Now coming to the most important part, curiosity. Why is this needed? Without curiosity we stagnate. We become complacent. We do not invent. We do not try to become better. We think what we know is the ultimate truth and what ever language/framework/methodology that we use is the end of the world, there is nothing better than that. If you do not look around and explore how will you know that there are other frameworks in java to write a webapp other than the usual suspects of struts/springmvc etc? How will you know that OOPS is not the only principle behind programming? Or for that matter, there are programming languages out there other than Java? Do not laugh at this one, I have talked to professional programmers who did not even know there was a programming language called PHP.
If you are tenaciously curious, when faced with a problem, you always start looking around. Say, for example, if you feel that a part of your code is slow, you dig into it and explore other options. In this process you come across people who have faced similar issues and resolved the problem using a better algorithm or data structure. If you are in a problem domain which requires the novel use of algorithms and data structures on a regular basis, someone with curiosity will develop that on the job. But the sad fact is for most of the programming tasks these days, you do not need to wrangle algorithms and data structures on a daily basis. This is the reason why most of the programmers are rusty on these subjects and in interviews when you start drilling them on this, you see the look of the deer suddenly confronted by traffic lights in their eye. The fact that you are being constantly monitored and evaluated adds to the downward spiral.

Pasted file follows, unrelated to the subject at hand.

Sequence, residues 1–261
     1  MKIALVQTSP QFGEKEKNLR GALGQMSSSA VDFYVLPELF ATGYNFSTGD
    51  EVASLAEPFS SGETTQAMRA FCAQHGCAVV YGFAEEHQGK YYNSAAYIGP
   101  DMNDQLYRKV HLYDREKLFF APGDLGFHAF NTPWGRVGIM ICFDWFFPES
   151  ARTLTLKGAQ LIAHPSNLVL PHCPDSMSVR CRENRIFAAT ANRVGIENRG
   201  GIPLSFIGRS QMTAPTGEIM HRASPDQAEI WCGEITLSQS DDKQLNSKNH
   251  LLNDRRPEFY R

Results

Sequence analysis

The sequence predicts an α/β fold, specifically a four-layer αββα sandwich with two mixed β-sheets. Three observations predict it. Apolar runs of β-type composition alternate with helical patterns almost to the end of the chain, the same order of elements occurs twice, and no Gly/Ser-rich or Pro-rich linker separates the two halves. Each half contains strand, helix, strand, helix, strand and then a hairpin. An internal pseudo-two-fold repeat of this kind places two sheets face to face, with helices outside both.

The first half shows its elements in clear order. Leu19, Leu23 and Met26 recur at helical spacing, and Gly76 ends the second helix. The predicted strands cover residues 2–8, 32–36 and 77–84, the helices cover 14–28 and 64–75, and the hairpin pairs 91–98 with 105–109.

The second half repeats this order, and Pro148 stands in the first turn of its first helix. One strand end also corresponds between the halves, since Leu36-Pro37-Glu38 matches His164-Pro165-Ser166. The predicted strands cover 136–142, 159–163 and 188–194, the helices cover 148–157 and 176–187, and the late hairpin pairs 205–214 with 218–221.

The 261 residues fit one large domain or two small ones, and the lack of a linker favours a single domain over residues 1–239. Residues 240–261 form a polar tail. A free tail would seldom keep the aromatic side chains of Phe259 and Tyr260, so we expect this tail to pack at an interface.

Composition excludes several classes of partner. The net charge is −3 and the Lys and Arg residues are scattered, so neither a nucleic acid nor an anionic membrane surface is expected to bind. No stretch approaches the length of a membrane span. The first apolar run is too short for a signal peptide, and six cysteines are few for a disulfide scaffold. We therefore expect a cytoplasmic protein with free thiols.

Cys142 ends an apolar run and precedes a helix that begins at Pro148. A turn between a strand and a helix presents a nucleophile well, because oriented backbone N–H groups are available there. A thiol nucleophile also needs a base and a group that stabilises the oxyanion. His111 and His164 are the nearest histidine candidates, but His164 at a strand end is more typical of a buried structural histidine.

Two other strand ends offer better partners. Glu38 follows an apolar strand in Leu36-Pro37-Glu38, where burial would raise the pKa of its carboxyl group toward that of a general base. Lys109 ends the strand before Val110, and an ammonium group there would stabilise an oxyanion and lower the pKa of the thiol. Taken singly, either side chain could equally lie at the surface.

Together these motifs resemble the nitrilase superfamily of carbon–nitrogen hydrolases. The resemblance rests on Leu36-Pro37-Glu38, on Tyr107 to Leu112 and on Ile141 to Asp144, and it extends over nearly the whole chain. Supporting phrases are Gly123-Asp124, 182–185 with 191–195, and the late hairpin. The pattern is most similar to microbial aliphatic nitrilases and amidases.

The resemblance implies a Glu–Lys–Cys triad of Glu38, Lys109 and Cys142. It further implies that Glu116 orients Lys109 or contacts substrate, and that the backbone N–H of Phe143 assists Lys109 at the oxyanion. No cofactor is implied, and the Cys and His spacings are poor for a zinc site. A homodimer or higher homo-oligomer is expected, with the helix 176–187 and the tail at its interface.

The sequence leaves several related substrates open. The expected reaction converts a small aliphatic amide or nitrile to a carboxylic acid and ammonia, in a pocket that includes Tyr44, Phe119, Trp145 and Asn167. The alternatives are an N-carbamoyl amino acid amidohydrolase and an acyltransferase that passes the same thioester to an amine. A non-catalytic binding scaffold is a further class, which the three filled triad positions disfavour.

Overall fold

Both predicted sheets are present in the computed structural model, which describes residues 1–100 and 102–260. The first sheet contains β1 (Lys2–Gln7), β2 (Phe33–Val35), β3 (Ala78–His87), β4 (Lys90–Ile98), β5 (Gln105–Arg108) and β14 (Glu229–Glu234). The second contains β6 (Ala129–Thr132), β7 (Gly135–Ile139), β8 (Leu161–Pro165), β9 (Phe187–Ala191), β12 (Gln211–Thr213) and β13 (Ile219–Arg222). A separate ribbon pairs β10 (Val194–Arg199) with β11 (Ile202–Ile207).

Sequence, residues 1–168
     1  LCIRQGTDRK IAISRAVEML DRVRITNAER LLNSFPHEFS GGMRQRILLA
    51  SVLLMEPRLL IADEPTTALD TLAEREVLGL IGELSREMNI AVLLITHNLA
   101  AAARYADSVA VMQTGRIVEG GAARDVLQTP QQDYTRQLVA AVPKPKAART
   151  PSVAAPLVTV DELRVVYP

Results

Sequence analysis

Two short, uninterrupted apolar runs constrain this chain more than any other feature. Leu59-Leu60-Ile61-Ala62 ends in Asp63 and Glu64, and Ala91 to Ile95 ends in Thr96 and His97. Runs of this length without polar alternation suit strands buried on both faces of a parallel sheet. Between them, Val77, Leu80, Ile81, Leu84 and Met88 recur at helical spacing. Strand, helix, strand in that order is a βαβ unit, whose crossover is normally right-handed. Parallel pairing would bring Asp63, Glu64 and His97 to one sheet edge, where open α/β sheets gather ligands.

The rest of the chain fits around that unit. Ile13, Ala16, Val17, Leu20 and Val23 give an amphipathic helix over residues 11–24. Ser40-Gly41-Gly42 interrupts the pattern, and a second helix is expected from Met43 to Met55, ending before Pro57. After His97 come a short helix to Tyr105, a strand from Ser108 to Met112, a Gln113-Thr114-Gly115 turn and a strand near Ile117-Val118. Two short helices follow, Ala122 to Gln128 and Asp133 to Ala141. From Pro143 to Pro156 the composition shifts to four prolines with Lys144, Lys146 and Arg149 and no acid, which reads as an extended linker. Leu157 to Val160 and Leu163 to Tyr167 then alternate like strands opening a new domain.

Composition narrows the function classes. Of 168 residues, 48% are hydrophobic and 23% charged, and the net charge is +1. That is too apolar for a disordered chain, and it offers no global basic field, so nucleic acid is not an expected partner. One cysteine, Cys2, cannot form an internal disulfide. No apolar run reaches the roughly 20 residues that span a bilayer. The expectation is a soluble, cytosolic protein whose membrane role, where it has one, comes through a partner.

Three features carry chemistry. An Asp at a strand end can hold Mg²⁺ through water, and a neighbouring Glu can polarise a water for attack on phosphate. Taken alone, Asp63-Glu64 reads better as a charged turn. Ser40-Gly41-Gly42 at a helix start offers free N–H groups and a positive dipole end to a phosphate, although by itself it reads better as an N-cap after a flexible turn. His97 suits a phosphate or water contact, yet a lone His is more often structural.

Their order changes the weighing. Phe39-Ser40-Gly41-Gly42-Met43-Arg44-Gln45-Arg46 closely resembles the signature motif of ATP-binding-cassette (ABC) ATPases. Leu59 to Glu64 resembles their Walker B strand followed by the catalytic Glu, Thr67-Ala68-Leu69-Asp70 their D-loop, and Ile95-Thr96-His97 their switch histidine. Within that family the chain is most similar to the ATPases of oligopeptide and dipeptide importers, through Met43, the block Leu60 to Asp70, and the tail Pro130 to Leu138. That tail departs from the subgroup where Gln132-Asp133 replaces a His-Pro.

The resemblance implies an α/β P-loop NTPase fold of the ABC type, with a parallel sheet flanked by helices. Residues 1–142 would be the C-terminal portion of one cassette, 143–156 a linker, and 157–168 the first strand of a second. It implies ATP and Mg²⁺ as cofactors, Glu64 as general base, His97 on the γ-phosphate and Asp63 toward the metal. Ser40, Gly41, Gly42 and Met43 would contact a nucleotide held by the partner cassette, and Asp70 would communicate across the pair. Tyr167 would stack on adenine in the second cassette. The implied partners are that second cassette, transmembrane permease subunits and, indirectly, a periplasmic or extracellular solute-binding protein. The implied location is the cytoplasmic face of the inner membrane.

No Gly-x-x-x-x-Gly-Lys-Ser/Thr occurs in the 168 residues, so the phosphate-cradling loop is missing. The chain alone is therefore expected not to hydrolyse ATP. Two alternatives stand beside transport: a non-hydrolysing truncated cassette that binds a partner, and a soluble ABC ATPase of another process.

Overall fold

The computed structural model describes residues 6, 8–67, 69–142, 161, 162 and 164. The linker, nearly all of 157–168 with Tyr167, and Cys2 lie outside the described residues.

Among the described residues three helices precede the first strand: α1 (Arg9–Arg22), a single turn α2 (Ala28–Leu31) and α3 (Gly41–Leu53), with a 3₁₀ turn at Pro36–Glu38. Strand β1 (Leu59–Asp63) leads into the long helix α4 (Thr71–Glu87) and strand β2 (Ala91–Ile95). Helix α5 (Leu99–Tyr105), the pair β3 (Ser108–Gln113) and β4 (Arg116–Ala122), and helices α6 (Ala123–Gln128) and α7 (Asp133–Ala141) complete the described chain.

I would say interviews focused heavily on data structures and algorithms are rigged towards new college students and people who are just preparing for interviews as most of these question are in no way novel. They tend to be a common set of questions which keep getting regurgitated. Go to one of these interview question sites, spend a couple of days trying to solve these question and suddenly you become an algorithm and data structures expert in the eyes of the interviewer. Just because google does this, everyone does it and it has got to a point where interviews are more about showing off your data structure and algorithm skills rather than evaluating whether the person being interviewed is a good fit for the job and can handle the day to day tasks of your business. I am not even sure as to whether even google, facebook etc need to do this for all their departments. Also, an unhealthy side effect of this sort of interviewing is that in a fury to concentrate on your algorithm and data structure skills, everything else is relegated to a corner. Companies hardly put in the effort to see how good your coding fundamentals are, have you taken the effort to know the philosophy behind the language that you have been using for the past two years, how many times have you re factored your code in your previous project, have you put in the effort to learn your IDE/editor etc etc.
Unless you are working on some high end cutting edge computer science research project, you do not need people who can solve algorithm and data structure problems in interviews. Hiring people who are infinitely curious will give you a much better bang for your buck.